MC Explains: Will RBI let rupee adjust to new lows?

(Representative Image)

(Representative Image)

The rupee touched a record low against the US dollar on June 28 as foreign investors continued selling local equities and crude oil prices rose.

Experts say the sharp fall of the rupee can be attributed to the strength of the greenback and lower forward premiums, among others.

Moneycontrol explains the reasons for the rupee’s depreciation.

How much did the rupee depreciate?

The rupee opened at 78.51 per dollar and rose to 78.87 level, an all-time high, during intra-day trade on Tuesday. On a weekly basis, the currency has depreciated 1.2 percent.

MC Explains

Why is the rupee in a free fall?

Central banks led by the US Federal Reserve tightening interest rates globally, increases in crude oil and commodity prices, lower forward premiums and weakening forex reserves are some of the reasons experts cite for the rupee’s fall.

As Moneycontrol reported, the one-year onshore forward premium narrowed to 220 paise on June 22, its lowest level since December 2011. Lower forward premiums push investors into other emerging markets with higher premiums, analysts say.

“Rupee is falling mainly in response to the US dollar strengthening. The US dollar is at a 20-year high on the back of aggressive rate hikes by the US Federal Reserve. It is not just the Indian rupee, other major currencies like the euro and yen and most other emerging market currencies have weakened against dollar,” said Rajani Sinha, Chief Economist at CARE Ratings.  

What is the level the rupee can fall to in near-term?

Sinha says high commodity prices and the resultant widening of the current account deficit is putting  pressure on the Indian currency.

“On a-trade weighted REER (real effective exchange rate) basis, the rupee is still overvalued by around 2 percent compared to its long-term average. USD/INR could touch the 80 level in the near term,” Sinha said.

Given that the dollar is likely to remain strong, the rupee has  room to fall to the 79 level against the greenback, said Kunal Sodhani, assistant vice-president at Shinhan Bank.

“Only a closing level below 78.10 can once again bring the USD-INR pair in a consolidation phase,” he said.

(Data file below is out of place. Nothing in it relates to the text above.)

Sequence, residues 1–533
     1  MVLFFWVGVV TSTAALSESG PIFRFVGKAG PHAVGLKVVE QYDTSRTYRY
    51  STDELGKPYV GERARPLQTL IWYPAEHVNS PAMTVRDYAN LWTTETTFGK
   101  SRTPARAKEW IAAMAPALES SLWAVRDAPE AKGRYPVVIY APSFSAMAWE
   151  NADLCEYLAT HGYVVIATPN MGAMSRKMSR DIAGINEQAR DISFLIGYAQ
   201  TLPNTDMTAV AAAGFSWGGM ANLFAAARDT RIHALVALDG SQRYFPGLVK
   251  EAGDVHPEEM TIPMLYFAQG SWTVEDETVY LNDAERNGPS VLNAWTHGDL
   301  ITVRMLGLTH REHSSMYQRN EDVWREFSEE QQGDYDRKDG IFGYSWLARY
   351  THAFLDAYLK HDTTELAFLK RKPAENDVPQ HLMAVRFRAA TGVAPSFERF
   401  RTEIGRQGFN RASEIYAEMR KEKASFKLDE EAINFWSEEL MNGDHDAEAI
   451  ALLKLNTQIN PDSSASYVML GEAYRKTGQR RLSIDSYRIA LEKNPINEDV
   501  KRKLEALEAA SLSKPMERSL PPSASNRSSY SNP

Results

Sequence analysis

What will the RBI’s plan of action be to arrest the rupee fall?

Dislocations in forward rates, falling foreign exchange cover, persistently high commodity prices and elevated rupee valuations may cause the Reserve Bank of India (RBI) to reorient its intervention strategy going ahead, securities firm Emkay Global said.

“The RBI has been supporting INR by strong interventions to counter the impact of outflows. This has led to a significant fall in forex reserves, but given a robust accumulation of the forex war chest over the years, INR has still been holding up better than EM peers, albeit with consistent interventions by the RBI,” Emkay Global said.

“…allowing INR to gently weaken over time is the right strategy, giving CAD (current account deficit) space to improve. Thus, we believe the RBI may eventually let the exchange rate adjust to new realities, albeit (in) orderly (fashion), letting it act as a natural macro stabilizer..,” it added.

Sinha has similar views.

“RBI will continue to intervene in the forex market to cushion the fall of the rupee. However, with all other emerging market currencies weakening against the dollar, RBI will let the rupee also to weaken gradually,” she said.

Further rate hikes by the RBI, in line with the rate increases by the US Federal Reserve, will ensure that the US-India interest rate differential is maintained and that would prevent a further sharp weakening of the rupee, she added.

Is the rupee depreciation good for economy?

While the debate on correct valuation of the rupee continues, a steep currency depreciation can have significant impact on trade, create a potential balance of payments crisis and deter foreign investors.

For example, on February 28, the Central Bank of Russia raised its key lending rate to 20% from 9.50%, the sharpest rate hike since 2014, to compensate for increased depreciation and inflation risks.

“This is needed to support financial and price stability and protect the savings of citizens from depreciation,” it said.